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Diabetic Retinopathy continued...

Types of Retinopathy in Diabetes:

  • Background retinopathy. Sometimes the blood vessel damage exists, but there is no vision problem. This is called background retinopathy. It's important to carefully manage your diabetes at this stage to prevent background retinopathy from progressing to more serious eye disease.
  • Maculopathy. In maculopathy, the person has developed damage in a critical area called the macula. Because this occurs in an area that is critical to vision, this type of eye problem can significantly reduce vision.
  • Proliferative retinopathy. New blood vessels start to grow in the back of the eye. Because retinopathy is a microvascular complication of diabetes, a disease of small vessels, this type of retinopathy develops because of an increasing lack of oxygen to the eye from vascular disease. Vessels in the eye are thinned and occluded and they start to remodel.

Here, it is important to address the risks factors that can worsen the occluded vessels. Smoking cessation, high blood pressure control, cholesterol management, and blood sugar control must take place in order to stop the progression of new vessels from forming into the orbit of the eye. These are fragile vessels that can bleed and eventually cause a clot to form in the orbit, which scars and causes detachment of the retina. This eventually leads to irreversible vision loss.

Treatment of diabetic retinopathy may involve laser procedures or surgery. In a study of people with diabetes with early retinopathy, laser therapy to burn the fragile vessel resulted in a 50% reduction of blindness.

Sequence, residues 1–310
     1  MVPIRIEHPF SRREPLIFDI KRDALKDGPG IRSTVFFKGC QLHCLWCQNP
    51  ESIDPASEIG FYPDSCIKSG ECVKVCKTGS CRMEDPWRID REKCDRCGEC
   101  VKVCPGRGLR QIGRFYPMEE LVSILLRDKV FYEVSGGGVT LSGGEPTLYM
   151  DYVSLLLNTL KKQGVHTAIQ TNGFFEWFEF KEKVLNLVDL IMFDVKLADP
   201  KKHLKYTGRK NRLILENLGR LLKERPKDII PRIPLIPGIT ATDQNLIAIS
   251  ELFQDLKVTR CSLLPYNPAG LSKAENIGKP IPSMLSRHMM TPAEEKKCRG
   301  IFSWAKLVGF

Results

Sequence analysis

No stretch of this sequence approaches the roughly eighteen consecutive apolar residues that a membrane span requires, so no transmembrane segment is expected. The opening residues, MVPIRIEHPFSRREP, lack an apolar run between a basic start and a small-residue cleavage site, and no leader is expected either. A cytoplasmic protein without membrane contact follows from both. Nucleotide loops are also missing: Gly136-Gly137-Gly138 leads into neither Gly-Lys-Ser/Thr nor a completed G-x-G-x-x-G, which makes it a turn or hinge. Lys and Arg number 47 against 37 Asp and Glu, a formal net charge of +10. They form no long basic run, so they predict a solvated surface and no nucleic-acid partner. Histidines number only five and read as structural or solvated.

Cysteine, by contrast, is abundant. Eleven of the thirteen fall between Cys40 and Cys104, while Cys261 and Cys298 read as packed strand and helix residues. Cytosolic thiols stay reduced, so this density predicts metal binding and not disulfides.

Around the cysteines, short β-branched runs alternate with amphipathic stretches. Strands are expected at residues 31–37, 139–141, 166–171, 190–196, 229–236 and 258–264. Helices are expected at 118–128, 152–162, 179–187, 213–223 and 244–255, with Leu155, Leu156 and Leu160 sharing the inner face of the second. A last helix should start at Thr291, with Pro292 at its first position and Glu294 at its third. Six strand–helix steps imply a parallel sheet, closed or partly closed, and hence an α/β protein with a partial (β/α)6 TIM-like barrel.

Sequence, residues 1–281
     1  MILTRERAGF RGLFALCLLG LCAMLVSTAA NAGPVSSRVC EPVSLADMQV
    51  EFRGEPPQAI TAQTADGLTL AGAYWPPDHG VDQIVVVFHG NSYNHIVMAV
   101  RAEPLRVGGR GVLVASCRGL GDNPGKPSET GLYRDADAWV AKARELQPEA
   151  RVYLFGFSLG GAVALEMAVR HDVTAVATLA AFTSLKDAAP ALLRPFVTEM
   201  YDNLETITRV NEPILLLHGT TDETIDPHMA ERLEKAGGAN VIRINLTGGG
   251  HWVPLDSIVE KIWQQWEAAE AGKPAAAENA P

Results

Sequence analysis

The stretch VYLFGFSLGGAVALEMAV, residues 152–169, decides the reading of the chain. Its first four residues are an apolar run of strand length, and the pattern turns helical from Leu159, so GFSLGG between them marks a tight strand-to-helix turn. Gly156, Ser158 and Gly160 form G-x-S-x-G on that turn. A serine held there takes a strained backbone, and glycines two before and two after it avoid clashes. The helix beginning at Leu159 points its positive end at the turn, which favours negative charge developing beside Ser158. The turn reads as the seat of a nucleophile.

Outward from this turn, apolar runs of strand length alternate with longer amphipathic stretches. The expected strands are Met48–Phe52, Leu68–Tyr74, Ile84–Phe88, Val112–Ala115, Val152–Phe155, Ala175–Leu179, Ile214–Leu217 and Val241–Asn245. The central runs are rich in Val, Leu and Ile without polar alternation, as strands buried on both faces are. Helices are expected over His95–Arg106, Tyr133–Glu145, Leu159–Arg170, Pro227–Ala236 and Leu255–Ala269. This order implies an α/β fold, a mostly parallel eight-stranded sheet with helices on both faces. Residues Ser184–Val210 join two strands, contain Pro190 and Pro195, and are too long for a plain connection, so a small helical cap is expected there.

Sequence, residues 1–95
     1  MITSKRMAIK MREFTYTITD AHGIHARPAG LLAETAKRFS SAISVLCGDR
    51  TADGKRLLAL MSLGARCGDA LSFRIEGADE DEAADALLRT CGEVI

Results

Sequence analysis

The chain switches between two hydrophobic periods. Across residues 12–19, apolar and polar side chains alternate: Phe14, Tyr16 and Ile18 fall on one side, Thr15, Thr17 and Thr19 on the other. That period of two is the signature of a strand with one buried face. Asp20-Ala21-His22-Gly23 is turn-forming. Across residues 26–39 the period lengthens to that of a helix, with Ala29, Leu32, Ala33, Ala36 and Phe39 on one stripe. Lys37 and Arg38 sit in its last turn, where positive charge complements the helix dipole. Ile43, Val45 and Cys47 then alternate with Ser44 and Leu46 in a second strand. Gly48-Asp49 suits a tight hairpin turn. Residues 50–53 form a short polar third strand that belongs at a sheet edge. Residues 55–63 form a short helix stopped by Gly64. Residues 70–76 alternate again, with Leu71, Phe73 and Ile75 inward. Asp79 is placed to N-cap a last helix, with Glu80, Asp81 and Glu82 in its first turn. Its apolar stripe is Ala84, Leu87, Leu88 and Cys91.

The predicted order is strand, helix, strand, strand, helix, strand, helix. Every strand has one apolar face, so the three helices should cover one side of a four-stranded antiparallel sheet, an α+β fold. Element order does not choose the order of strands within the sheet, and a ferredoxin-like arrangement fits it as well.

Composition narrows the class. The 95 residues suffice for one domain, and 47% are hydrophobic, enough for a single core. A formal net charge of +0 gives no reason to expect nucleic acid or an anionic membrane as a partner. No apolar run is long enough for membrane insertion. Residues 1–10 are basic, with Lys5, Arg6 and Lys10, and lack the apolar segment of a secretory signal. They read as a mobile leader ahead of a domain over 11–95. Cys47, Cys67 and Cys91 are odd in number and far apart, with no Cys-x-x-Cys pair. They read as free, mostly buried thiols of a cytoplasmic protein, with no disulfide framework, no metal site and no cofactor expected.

To prevent retinopathy with diabetes, have your eye doctor screen your eyes annually. Women with diabetes who later become pregnant should have a comprehensive eye exam during the first trimester and close follow-up with an eye doctor during the rest of their pregnancy to avoid serious eye problems with diabetes. (This recommendation does not apply to women who develop gestational diabetes, since they are not at risk for retinopathy.)

Preventing Eye Problems With Diabetes

Everyone should have regular eye exams, but annual eye exams are particularly important if you have diabetes. A thorough eye exam can help identify a problem early on when it is more easily treated. This can also help prevent further vision loss. 

If you are considering pregnancy and have a history of diabetes, you should have an eye exam prior to and possibly during pregnancy. Ask your eye doctor what is right for you.

Also, controlling your blood sugar and blood pressure will help prevent eye problems if you have diabetes.

When to Contact Your Doctor About Eye Problems in Diabetes

If you have diabetes, contact your doctor about any eye problems in if any of the following occur:

  • Black spots in your vision.
  • Flashes of light.
  • "Holes" in your vision.
  • Blurred vision.